Mutant Mosquitoes Will Be Released To Breed Out Mosquito-Borne Diseases In Brazil

Posted: Oct 29 2016, 12:35pm CDT | by , Updated: Oct 30 2016, 11:51am CDT, in News | Latest Science News

 

Mutant Mosquitoes Will be Released to Breed Out Mosquito-Borne Diseases in Brazil
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Brazilian researchers are planning to release millions of modified mosquitoes for eliminating diseases like dengue, Zika and yellow fever.

Researchers are planning to release millions of modified mosquitoes in different parts of Brazil in order to tackle widespread species of mosquitoes, which will eventually help protect millions of people from mosquito-borne diseases like Zika, yellow fever, dengue and chikungunya. 

The genetically modified mosquitoes will mate with the females of the mosquito species such as Aedes aegypti that carry the threat of several dangerous diseases. Mutant mosquitoes will cause genetically inbuilt flaws in their offspring and lead to their premature death. 

British firm Oxitec’s subsidiary in Piracicaba, Brazil claims that it can produce 60 million mutant mosquitoes a week. Field tests conducted in Panama and the Cayman Islands, as well as the northeastern Brazilian state of Bahia between 2011 and 2014 showed that the population of wild Aedes aegypti dropped by 90 percent with the release of mutant mosquitoes.

If a deal is reached with local authorities, the company will release 10 million factory-bred mosquitoes each week in the city of Piracicaba.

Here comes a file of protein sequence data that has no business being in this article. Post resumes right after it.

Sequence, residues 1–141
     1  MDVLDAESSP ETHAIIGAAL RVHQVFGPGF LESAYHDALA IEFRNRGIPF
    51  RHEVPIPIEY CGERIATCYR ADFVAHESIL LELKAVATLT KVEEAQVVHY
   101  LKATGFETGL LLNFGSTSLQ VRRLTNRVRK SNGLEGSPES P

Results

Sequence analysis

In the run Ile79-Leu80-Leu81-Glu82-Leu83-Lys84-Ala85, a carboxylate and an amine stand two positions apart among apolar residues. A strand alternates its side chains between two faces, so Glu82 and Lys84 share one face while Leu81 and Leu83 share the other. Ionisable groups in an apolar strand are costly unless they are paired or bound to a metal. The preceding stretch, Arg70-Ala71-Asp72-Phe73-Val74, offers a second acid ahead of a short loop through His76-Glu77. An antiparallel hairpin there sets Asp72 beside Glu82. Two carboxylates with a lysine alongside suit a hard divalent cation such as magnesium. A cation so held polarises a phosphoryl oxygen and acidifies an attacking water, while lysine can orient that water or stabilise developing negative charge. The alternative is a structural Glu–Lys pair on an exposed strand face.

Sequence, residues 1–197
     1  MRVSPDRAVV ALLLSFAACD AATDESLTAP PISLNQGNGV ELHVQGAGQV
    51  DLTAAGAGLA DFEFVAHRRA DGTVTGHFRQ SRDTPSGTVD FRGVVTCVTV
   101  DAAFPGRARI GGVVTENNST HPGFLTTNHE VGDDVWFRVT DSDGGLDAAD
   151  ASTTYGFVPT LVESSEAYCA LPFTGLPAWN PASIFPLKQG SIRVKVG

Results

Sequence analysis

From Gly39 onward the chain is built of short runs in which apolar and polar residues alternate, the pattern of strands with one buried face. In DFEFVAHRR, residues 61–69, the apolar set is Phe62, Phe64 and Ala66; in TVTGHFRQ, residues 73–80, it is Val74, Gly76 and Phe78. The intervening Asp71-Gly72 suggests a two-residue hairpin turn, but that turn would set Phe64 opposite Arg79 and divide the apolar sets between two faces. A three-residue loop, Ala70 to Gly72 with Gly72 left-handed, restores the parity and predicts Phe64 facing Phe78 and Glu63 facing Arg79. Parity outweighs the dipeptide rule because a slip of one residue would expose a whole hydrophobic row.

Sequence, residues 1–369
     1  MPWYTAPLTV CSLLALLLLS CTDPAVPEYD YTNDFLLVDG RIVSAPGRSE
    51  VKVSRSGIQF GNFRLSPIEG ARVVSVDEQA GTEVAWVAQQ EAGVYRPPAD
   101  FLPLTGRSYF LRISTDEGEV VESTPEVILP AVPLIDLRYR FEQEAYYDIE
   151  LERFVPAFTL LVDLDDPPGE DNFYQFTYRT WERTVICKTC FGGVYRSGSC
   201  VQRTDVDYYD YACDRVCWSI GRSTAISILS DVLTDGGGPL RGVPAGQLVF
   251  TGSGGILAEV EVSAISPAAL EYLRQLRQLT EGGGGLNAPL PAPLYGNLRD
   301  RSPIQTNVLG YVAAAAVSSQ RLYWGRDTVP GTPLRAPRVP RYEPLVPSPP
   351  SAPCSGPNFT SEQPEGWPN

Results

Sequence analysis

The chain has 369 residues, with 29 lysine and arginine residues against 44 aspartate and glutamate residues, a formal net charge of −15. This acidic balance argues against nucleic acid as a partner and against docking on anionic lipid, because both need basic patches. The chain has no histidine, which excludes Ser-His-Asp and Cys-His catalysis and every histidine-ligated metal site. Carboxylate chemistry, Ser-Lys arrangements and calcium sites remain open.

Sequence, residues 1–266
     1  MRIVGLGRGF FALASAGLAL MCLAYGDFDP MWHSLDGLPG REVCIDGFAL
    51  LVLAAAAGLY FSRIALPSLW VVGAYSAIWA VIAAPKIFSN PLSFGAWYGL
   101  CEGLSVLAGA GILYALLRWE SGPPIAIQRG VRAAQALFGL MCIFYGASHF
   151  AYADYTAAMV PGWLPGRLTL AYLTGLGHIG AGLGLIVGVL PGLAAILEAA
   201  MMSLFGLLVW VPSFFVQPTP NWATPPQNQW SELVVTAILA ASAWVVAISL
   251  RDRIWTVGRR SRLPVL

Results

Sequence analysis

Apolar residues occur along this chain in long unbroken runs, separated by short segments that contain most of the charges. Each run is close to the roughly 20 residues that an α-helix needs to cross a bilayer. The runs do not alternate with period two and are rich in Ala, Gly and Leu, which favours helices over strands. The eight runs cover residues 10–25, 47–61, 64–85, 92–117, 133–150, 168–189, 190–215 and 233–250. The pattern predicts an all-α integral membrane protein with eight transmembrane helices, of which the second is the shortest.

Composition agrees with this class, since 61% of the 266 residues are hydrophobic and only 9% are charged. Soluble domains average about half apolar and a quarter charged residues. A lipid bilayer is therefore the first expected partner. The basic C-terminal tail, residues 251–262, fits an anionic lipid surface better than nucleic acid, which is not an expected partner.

“There are three essential factors for the transmission of these diseases: the mosquitoes, the virus and humans. What we do here is eliminate the mosquitoes, which transmit the virus,” said Oxitec biologist Karla Tepedino.

 “Eliminating the vector, we eliminate the disease.”

The need for insect control is absolutely necessary as the summer in Southern hemisphere is approaching, which also means a surge in the cases of misquote-borne diseases.

The Brazilian ministry of health has officially confirmed 174,000 cases since the outbreak of the epidemic in April 2015. That’s 85.1 cases per 100,000 citizens. The disease was first detected in Brazil and spread across the Americas, Caribbean and then made its way to United States.

Zika, which is still incurable, has been linked to birth defects and brain deformities. Physically, the disease is characterized by an abnormally small head.

In a separate effort, researchers are attempting to control mosquito populations in some areas of Brazil and Colombia with mosquitoes infected with bacterium. Wolbachia naturally occurs in up to 60 percent of all insect species and reduces mosquitoes’ ability to spread viruses to humans.

 

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Hira Bashir covers daily affairs around the world.

 

 

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